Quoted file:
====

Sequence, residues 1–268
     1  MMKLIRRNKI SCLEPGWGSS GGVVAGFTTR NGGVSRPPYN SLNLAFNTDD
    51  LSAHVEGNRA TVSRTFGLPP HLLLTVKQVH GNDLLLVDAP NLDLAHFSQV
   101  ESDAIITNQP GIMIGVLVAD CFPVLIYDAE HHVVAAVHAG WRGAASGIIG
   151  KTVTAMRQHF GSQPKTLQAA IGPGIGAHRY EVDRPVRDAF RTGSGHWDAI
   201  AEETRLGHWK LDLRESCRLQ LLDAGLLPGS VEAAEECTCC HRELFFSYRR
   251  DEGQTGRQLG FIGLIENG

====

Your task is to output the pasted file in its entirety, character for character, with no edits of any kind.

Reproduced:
Sequence, residues 1–268
     1  MMKLIRRNKI SCLEPGWGSS GGVVAGFTTR NGGVSRPPYN SLNLAFNTDD
    51  LSAHVEGNRA TVSRTFGLPP HLLLTVKQVH GNDLLLVDAP NLDLAHFSQV
   101  ESDAIITNQP GIMIGVLVAD CFPVLIYDAE HHVVAAVHAG WRGAASGIIG
   151  KTVTAMRQHF GSQPKTLQAA IGPGIGAHRY EVDRPVRDAF RTGSGHWDAI
   201  AEETRLGHWK LDLRESCRLQ LLDAGLLPGS VEAAEECTCC HRELFFSYRR
   251  DEGQTGRQLG FIGLIENG